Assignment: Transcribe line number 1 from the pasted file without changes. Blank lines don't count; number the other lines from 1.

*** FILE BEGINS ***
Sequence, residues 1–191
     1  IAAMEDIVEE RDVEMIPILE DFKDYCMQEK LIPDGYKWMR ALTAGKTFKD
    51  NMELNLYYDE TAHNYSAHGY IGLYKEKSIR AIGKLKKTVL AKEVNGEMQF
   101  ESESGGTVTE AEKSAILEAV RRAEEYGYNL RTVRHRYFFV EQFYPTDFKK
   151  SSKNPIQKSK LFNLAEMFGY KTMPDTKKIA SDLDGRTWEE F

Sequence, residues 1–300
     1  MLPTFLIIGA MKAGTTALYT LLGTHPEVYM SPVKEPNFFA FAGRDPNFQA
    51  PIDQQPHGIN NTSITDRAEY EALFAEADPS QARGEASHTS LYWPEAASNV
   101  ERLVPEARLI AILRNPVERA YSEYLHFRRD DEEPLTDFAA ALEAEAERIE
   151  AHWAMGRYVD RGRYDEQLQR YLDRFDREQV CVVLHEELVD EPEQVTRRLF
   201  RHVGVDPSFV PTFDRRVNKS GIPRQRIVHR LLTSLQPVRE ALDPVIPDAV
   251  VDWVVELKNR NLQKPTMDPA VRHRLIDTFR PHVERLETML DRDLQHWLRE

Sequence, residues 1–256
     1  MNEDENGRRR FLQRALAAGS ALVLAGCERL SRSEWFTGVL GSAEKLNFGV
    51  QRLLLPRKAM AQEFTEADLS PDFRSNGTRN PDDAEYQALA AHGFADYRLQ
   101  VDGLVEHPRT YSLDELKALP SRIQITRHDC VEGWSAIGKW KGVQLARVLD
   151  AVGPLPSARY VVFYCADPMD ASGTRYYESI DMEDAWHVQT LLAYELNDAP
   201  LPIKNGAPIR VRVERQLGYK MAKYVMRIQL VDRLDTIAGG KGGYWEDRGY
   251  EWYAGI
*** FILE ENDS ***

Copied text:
Sequence, residues 1–191